These plans are then reviewed by the group and combined into a composite project plan. The composite plan, still not completely firm, is approved by each participating group, by the project manager, and then by senior organizational management. Each subsequent approval hardens the plan somewhat, and when senior management has endorsed it, any further changes must be made by processing a formal change order. However, if the project is not large or complex, informal written memoranda can substitute for the change order. The main point is that no significant changes in the project are made, without written notice, following top management's approval. The definition of "significant" depends on the specific situation and the people involved.
The PM generally takes responsibility for gathering the necessary approvals and assuring that any changes incorporated into the plan at higher levels are communicated to, and approved by, the units that have already signed off on the plan. Nothing is as sure to enrage functional unit managers as to find that they have been committed by someone else to alterations in their carefully considered plans without being informed. Violation of this procedure is considered a betrayal of trust. Several incidents of this kind occurred in a firm during a project to design a line of children's clothing. The anger at this change without communication was so great that two chief designers resigned and took jobs with a competitor.
Because senior managers are almost certain to exercise their prerogative to change the plan, the PM should always return to the contributing units for consideration and reapproval of the plan as modified. The final, approved result of this procedure is the project plan, also known as the master plan, or the baseline plan.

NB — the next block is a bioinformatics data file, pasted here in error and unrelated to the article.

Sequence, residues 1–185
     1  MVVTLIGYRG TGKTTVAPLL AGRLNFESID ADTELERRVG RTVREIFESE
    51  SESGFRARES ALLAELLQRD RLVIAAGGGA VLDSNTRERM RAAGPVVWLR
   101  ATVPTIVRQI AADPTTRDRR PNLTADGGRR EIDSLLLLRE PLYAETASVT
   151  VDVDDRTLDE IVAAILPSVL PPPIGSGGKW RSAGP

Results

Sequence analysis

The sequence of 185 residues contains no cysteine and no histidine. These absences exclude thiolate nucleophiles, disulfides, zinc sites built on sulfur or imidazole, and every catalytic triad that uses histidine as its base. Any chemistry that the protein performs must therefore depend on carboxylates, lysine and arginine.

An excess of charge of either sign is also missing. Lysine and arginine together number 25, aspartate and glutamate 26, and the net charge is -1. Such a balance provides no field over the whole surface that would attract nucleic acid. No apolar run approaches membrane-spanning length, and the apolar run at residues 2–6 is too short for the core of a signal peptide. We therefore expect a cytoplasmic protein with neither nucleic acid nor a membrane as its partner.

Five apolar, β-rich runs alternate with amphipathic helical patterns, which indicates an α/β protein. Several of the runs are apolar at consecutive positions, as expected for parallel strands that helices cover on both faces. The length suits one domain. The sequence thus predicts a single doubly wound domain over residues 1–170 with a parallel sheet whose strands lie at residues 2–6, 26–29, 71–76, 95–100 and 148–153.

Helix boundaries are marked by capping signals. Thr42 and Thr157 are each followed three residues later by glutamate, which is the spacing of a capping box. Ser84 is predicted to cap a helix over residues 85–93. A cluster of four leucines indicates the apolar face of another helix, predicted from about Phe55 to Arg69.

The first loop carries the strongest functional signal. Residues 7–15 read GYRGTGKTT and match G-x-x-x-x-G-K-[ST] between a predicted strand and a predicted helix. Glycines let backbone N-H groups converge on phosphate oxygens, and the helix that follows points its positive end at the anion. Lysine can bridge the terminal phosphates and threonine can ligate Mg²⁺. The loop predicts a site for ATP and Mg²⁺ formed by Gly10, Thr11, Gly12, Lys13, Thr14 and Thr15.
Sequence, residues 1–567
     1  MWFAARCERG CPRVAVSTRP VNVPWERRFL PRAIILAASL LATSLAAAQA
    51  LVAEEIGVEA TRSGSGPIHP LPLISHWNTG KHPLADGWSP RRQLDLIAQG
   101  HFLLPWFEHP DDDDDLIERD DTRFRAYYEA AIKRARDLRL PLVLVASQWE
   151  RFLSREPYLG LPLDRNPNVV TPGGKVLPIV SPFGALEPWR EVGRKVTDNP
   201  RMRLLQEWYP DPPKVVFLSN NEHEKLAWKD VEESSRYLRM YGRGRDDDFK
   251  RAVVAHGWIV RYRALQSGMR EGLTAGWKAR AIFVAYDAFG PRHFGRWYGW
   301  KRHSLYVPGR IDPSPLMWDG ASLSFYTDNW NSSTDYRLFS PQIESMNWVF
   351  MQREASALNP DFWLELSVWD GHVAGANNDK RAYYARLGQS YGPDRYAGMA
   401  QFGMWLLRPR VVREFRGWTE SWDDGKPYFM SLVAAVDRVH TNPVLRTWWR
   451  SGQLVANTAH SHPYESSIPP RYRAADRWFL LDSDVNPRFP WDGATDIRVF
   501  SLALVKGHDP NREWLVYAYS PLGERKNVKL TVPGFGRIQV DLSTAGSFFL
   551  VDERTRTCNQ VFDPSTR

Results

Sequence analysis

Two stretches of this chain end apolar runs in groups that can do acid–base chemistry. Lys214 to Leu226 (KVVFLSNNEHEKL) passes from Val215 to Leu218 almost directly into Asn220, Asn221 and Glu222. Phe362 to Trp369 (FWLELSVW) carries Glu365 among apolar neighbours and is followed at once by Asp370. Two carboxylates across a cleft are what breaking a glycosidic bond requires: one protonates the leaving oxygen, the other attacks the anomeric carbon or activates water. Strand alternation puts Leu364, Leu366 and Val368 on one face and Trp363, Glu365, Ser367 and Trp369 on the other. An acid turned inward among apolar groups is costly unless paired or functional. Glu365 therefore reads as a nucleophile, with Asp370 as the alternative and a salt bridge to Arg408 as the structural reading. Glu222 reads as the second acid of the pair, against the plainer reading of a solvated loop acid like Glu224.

A major insurance company decided, as a matter of corporate strategy, that they should embark on a campaign of new product development. Further, they wished to make some other significant changes in their operation, for example, computerization of all forms and records. In order to accomplish these objectives, the Research and Development group, working with senior executives, developed a methodology that formalized the developmental process from the examination of a new idea, through its definition, design, production, and implementation stages. The fol lowing flow chart was developed that spelled out the entire process and denoted a series of "check points" at which progress could be measured and controlled. Company management felt that this methodology for new product project development would help make sure that corporate strategy could be embodied in projects—as well as ensure that projects were consistent with and advanced corporate strategy.
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What you need to know about… Project Management Made Easy! Project management consists of more than just a large building project and can encompass small projects as well. No matter what the size of your project, you need to have some sort of project management. How you manage your project has everything to do with its outcome.